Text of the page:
“Dear Connor” is a collection of essays written for Connor Cunningham by his grandmother, Linda Grist Cunningham. The essays are her construct for making sense of the unraveling American community. Connor may never read them but they help her distill solutions from the cacophony that passes for discourse as America enters its crisis turning.
History will remember the march as the coming-to-power of Xers and Millennials. Though there were aging baby boomers aplenty in the crowd and at the microphones, the marches around the world saw these elders step aside to open the way for younger women.
The 2016 presidential election will, on hindsight, be recognized as the precursor to the catalyst that ignites the transformation of America from fragmented, angry and disillusioned into cohesive, collaborative and powerful. America will move away from six decades of tearing down to four decades of building up and then we’ll start the process over.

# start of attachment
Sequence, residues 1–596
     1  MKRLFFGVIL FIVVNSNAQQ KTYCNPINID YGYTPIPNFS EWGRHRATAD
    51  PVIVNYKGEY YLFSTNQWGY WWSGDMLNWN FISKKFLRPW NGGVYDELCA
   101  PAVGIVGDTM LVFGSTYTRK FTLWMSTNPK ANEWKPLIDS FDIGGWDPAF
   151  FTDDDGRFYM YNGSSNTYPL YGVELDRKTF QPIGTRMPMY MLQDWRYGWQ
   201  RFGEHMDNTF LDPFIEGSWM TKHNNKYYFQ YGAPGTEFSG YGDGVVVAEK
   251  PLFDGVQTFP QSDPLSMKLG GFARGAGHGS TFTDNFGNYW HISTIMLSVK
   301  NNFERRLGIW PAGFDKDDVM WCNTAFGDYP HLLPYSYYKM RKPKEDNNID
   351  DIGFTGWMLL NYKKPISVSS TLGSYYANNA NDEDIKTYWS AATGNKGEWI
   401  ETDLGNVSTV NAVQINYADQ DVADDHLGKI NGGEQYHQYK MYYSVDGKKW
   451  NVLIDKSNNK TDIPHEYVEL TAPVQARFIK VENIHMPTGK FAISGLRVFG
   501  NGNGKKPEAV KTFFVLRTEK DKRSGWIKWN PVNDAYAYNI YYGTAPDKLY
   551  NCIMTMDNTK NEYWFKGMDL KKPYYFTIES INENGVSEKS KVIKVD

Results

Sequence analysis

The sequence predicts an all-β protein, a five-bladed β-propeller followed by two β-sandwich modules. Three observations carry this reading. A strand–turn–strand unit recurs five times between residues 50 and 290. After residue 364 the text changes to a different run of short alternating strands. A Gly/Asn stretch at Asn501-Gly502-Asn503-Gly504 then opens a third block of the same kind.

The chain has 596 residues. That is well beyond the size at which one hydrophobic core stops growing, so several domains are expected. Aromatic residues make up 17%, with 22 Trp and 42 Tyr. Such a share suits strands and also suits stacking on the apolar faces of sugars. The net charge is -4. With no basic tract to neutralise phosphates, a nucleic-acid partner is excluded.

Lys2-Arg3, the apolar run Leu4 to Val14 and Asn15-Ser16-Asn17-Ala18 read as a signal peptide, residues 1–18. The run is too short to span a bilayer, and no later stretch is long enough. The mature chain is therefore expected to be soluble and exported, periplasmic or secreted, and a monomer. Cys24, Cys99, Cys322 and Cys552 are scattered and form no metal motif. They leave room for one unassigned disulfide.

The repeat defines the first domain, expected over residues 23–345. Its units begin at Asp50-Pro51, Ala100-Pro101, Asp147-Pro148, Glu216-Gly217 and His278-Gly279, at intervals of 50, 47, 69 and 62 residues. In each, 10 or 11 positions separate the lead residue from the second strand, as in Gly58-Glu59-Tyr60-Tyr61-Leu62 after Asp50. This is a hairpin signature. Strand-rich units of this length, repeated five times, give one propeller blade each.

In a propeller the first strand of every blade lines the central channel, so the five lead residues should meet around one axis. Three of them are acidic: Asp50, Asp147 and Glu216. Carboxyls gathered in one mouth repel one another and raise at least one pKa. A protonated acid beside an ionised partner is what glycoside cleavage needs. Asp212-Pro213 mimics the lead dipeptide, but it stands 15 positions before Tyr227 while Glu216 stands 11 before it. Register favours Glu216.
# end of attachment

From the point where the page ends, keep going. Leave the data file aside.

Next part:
We will draw the line at the hard-core wingnuts at the fringes. I’m not inviting willful haters to my table. They’re not welcome. Period. We need to do whatever we have to to keep the haters corralled. And we must recognize there’s such a thing as hate born of unknowing.
Every 80-85 years, we enter this final generational shift that culminates in what can only be understood as a conflagration that burns off the accumulated mess and re-positions us for growth.
Not all the -ists and -isms are haters. Not all the tacky and tasteless are haters. Most are just unwitting products of ignorance. We’re teachable. If we work at overcoming our ignorance, if we work on expanding our understanding, we don’t do as many bad things to each other. We get a whole lot closer to living by the Golden Rule.